I guess I was about 12 or so when I learned that my Uncle Clay had been a Prisoner of War in World War II. Naturally, I was fascinated and wanted to hear all about it, but, like many war vets, my uncle didn't talk much at all about the war. Instead of telling me about his experiences, he provided something that was far more interesting. It turns out that he kept a diary while he was in prison.

My Uncle Clay was captured by the Germans on the very first day of the Battle of the Bulge. To this day, I'm amazed that he wasn't killed on the spot. Clay told me that there was a group of German soldiers charging toward him and, not knowing what else to do, he threw a hand grenade in their general direction. He said he felt a blow to his head, and when he came to, he was a prisoner. It's pretty amazing when you think about it. Why they didn't kill him is anyone's guess. One can only assume that, even in the heat of battle, a certain amount of humanity still exists.

My Uncle was taken to Stalag 4B in Muhlberg, Germany. Muhlberg is a very small town just east of Lepzig. He remained there for a relatively short period of time. I believe he was a prisoner for about 6 months. Thankfully, Muhlberg was taken by the Americans, and my uncle was freed.

One day, I asked my uncle about his experiences in the POW camp. Instead of giving me an answer, he got up from his chair and went into the bedroom. When he came out, he handed me a tattered diary, and told me that it might interest me. It turns out that my uncle kept a diary the whole time he was a POW. He told me that, if the diary had been found, that the consequences would have been very bad.

When he was taken to the camp, he had on a brand new pair of boots. The Germans took his boots, and gave him rags to tie to his feet. It was in this condition that they marched through the snow for days. He had problems from that experience for the rest of his life.

It has been decades since I read that diary, but the experience has stayed with me all these years. Frequently, Uncle Clay would mention what they had to eat on a certain day. Most of the time, it was soup made from boiling potato peelings. I'm sure there was very little potato in a bowl of that soup. It was on these meager rations that the prisoners had to do a full day's work.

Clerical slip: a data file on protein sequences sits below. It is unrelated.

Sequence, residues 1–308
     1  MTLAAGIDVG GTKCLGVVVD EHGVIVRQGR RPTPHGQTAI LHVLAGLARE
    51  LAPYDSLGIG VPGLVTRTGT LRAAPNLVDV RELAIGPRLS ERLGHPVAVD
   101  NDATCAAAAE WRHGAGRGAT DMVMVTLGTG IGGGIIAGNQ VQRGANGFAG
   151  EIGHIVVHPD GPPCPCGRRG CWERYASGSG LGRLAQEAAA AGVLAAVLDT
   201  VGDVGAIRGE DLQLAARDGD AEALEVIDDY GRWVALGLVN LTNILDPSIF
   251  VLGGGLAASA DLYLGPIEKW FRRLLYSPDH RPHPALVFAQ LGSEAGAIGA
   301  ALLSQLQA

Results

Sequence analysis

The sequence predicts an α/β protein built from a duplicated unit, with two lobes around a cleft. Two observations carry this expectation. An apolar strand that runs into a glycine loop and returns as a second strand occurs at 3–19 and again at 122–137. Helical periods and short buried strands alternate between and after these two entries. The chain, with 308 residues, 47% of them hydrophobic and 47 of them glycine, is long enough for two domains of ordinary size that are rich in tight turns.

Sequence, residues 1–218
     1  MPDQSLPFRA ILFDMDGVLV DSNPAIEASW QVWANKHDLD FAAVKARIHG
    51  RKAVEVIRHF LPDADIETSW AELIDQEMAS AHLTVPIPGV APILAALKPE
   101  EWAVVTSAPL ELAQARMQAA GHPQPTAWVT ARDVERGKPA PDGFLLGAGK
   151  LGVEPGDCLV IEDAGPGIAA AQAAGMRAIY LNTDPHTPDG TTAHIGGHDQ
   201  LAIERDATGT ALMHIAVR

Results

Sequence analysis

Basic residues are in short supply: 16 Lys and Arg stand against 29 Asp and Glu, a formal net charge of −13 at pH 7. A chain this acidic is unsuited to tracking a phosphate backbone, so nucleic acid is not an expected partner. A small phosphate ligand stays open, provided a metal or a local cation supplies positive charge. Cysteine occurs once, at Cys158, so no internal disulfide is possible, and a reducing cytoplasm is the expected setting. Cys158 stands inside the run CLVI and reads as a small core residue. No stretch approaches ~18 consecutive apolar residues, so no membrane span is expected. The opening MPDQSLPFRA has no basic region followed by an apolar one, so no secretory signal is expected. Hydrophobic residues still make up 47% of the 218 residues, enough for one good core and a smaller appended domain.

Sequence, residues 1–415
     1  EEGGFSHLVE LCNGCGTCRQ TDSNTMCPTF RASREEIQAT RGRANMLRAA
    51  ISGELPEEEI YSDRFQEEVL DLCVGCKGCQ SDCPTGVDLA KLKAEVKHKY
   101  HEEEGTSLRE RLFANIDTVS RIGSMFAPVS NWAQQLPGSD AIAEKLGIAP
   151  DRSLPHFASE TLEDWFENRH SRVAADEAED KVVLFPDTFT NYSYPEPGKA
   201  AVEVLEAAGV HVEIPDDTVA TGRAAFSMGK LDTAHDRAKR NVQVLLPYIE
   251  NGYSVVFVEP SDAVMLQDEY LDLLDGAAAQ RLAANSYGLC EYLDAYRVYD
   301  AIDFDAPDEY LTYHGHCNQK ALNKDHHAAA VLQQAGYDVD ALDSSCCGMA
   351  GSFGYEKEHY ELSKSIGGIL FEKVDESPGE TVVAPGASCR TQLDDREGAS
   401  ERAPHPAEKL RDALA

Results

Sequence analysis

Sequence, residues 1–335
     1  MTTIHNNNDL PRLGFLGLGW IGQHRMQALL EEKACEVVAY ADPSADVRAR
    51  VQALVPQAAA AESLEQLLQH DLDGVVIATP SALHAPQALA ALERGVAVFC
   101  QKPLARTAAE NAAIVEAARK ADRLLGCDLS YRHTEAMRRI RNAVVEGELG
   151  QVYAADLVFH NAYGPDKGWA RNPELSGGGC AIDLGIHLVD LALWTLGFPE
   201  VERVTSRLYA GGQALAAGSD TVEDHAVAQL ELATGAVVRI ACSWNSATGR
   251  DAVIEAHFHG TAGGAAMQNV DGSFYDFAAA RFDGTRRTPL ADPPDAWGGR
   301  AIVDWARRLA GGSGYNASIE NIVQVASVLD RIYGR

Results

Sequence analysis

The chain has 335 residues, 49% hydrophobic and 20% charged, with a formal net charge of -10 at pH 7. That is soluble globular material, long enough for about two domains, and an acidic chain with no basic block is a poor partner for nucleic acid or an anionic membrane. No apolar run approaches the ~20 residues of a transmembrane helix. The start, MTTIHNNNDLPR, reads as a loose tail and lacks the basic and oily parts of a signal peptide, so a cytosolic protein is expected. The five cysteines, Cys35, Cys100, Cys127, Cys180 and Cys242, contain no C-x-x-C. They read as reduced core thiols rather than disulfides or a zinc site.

He didn't mention a lot of cruelty on the part of his German captors, but the very experience of being taken a prisoner stayed with him for the rest of his life. The main way the memory manifested itself was in the form of nightmares. They didn't know much about PTSD back then. They referred to the condition as "shell-shocked." It all boils down to the same thing.

For all those terrible experiences, my uncle fought the good fight his entire life. He was quite a guy who believed in doing what was right and just. Even prior to knowing about his experiences in the war, I always had a lot of respect for my uncle. What a character! He was full of life, and a great fishing partner. Even if he did always make me row the boat!

Here's an interesting sidenote: The day after my uncle was captured, the Germans captured another American G.I. He was only in the camp for a few days, and was shipped off to another camp where most of the POWs were fliers. The man taken prisoner was a budding writer who later wrote of his experience as a POW in a book called "Slaughterhouse 5." Yep, Kurt Vonnegut was in prison with my uncle. Now, there's a claim to fame!

God bless all our veterans. It doesn't matter if you served in war or peace. Thank you for your service to our country.

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